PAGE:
Into the shadowed areas I added touches of blue the same way and let it dry before adding texture though I added it the same way, with the sponge using a shadow color of blue, purple and sienna and lots of water to make a light grey color. I tapped this color on all areas of rock and the combination of the shadow color and just color creates the rough texture of the rocks.

As I did in the acrylic class, I did add a tree coming out of the crack at the top (falls) left. I first under painted it with orange and when it was dry, using a smaller brush on its edge added sienna and purple in short choppy strokes leaving some of the orange on the sunny side.

The vines that are growing amongst the rocks were under painted with a light yellow green, basically yellow with just a touch of sap green and water. I used this on the vines that are in front of the square rock and up on the hill behind that rock, then I added a touch of cobalt blue to cool the color but still kept it light to under paint the vines that are under the rock and in the shadowed side of the painting.

If you haven't painted the colors of the reflections in the water, now is the time. Pull the color straight down rinse your brush and soften the edges and let it dry before proceeding. The water in the pool I under painted with a mix of blue and green and what mud I had on my palette, kind of a murky blue with lots of water to thin it. Using the edge of my brush and keeping my strokes fairly horizontal I painted in the darker areas of the water. Break up the edges of your reflections with this color but don't cover them completely. The strokes need to be mostly horizontal so the water looks flat.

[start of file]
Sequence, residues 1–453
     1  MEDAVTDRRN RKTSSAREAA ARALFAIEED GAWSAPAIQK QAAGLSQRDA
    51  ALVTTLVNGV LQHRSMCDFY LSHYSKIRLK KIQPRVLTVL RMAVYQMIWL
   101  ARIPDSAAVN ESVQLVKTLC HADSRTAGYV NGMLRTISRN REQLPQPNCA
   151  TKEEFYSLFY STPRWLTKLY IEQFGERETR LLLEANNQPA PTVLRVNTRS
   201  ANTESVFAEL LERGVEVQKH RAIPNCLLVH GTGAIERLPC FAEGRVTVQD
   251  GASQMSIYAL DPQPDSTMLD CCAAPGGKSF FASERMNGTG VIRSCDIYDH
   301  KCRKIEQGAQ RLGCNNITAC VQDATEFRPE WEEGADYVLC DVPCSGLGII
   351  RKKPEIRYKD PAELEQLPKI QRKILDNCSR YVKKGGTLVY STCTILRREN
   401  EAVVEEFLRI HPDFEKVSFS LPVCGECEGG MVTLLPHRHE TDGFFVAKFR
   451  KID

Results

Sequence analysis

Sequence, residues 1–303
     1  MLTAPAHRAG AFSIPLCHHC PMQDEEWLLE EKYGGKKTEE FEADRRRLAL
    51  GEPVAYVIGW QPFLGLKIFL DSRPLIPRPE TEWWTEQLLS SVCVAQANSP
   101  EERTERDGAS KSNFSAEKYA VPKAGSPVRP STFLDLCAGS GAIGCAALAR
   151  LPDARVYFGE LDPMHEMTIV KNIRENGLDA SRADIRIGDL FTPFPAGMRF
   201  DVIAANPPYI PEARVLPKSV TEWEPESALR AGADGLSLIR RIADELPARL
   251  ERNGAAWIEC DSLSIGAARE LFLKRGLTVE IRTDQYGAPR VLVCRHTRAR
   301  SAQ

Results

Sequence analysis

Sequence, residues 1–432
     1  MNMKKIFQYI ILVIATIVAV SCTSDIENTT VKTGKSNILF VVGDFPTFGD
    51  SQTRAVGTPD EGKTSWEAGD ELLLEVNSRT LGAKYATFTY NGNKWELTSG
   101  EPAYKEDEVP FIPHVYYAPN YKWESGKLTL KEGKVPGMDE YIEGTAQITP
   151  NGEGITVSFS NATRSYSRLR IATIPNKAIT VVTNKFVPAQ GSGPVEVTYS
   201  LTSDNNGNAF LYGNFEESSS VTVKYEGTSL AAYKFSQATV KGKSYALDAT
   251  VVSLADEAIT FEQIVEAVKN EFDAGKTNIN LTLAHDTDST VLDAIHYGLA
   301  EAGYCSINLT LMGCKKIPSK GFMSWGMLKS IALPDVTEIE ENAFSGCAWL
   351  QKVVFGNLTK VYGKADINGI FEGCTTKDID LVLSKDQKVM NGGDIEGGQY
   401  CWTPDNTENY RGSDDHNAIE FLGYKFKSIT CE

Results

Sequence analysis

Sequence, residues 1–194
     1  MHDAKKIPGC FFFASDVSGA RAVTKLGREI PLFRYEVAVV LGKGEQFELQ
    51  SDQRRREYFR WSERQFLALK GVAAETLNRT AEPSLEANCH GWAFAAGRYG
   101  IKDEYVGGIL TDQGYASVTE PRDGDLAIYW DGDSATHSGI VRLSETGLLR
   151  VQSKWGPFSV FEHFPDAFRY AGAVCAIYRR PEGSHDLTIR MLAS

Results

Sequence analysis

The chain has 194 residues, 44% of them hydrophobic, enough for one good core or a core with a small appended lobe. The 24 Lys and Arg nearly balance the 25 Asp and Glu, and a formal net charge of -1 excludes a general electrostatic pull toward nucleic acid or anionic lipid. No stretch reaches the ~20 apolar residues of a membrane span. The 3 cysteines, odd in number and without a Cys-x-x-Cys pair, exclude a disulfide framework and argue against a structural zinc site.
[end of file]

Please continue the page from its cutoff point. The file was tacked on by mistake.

The falls will be painted using the edge of your brush and a light blue color. Notice that where the water comes out from the rocks, it is in shadow so under paint with blue, let it dry then go over it again adding some darker areas. Think water falling as you paint and refer to the photo to see where you need to go with the color.

The water will be several layers of wash, each darker than the one before but each will be done the same as the one before it leaving bits of the previous color. Try not to cover up all of your reflections they will be hard to get back. Look at the reference photo to see where the water is the darkest and adjust your paint accordingly.

You can also add a second layer of color to the vine areas using mostly using sap green with just a touch of blue, it should be darker than the first layer. Don't try to paint actual leaves, just try to create interesting shapes within the green area to suggest darker leaves. You may need to go over these areas again to get enough dark just don't paint over it all. Each time you should paint less and less this creates depth, dimension and a sense of light. You have to have dark to show light.

If you have enough shadows and texture in your rocks, use your liner to make cracks in the rocks. Mix up a dark color and look for places where you can add cracks, rocks have a lot of them. After you are done with cracks – put as many or as few as you feel comfortable with – add a bit of sienna to the mix to make a dark brown and still using your liner, make the branches coming off the tree and the ones hanging down, on the other side.

Under paint the leaves on these branches first using a light yellow green and using either your brush, a sponge or a paper towel and tap in the sun lit leaves. Let it dry and tap in some darker leave the same way.

This is the point where you need to stand back and look at your painting to see if it actually needs anything else. You will have to finish your painting to satisfy your own needs but if you find yourself searching for things to do, call it done at least for now, then come back in a few days and look at it with fresh eyes. If it is something glaring, it will jump out at you just as it did to me when I sat down to write this up, I'll show you at our last class.